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Monday, March 23, 2015

“Degas and the Dance”, by Jill DeVonyar & Richard Kendall

308 pages, Harry N. Abrams, Inc. (HNA), ISBN-13: 978-1885444264

Degas and the Dance is the companion book to the exhibition of the same name that was seen at the Detroit Institute of Arts in December of 2002 and the Philadelphia Museum of Art in February of 2003 (this book has a special place in my heart ‘cause this was one of the first exhibitions I worked at the DIA as a volunteer). Among the supreme masterpieces of 19th Century art are Edgar Degas’s dramatic, incisive, and often brilliantly colored pictures of the ballet, yet despite his enormous popularity as the foremost artist of the dance – with more than half his vast body of paintings, pastels, drawings, and sculptures devoted to the on-and-off-stage activities of ballerinas – this was the first major exhibition and catalogue to illuminate the theme in its historical context. This authoritative book presents much new material about Degas as an artist and his relationship with the ballet of his day. Far more knowledgeable about the training and technique of dancers than has previously been realized, Degas is shown responding to numerous ballet productions at the Paris Opera, to the shadowy life of the wings, and to the daily routines of the classroom.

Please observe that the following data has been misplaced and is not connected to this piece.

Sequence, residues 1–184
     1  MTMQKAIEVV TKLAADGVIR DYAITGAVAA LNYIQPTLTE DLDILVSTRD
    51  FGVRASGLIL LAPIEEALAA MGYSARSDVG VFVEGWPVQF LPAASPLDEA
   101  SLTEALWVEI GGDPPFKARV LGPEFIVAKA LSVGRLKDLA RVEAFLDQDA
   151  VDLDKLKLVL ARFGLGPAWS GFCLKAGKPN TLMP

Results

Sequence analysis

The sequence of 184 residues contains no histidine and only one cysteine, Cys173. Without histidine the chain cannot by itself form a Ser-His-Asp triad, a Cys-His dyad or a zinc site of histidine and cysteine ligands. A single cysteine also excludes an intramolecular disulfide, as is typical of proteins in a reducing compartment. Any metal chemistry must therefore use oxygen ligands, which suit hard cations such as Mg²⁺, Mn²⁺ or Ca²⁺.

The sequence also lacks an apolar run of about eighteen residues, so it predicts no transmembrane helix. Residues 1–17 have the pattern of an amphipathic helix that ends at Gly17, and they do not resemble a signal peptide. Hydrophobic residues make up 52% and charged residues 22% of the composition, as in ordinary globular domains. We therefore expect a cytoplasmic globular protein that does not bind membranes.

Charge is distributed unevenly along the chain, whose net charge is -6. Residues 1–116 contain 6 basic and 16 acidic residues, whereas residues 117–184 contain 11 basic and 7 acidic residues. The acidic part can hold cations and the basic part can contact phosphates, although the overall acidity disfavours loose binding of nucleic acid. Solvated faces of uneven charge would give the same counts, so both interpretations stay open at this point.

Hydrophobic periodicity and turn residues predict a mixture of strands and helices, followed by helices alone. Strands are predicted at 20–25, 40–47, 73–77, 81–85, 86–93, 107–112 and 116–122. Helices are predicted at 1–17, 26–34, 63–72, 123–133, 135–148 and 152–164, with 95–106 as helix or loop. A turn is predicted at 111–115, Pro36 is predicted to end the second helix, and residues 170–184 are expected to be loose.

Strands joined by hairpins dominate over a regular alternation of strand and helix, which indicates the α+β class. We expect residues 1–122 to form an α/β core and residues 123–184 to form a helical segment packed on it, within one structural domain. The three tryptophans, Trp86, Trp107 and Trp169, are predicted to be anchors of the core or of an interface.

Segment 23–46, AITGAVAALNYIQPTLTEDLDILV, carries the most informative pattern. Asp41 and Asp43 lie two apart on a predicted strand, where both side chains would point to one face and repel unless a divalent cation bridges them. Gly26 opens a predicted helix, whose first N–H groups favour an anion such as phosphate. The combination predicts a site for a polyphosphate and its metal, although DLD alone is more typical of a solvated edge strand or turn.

Degas and the Dance explores the French Impressionist’s lifelong fascination with the dancers and theater of his day. Adding substantially to previous studies, the authors propose new links between some of Degas’s characteristic themes – such as laundresses and horse racing – and the lithe women (and girls) he painted incessantly. Fresh light is also shed on Degas’ fascination with women in their public and private lives. Works by Degas in all media are considered: paintings, pastels, drawings, lithographs, etchings, monotypes, and sculpture, and juxtaposed with the French theater of the day. Comparable human predicaments and parallels in visual language are all part of this wide-ranging analysis, which deepens our understanding of one of the world’s greatest artists. A very good catalogue of what was a illuminating and ground-breaking exhibition on one of the world’s great Impressionists.

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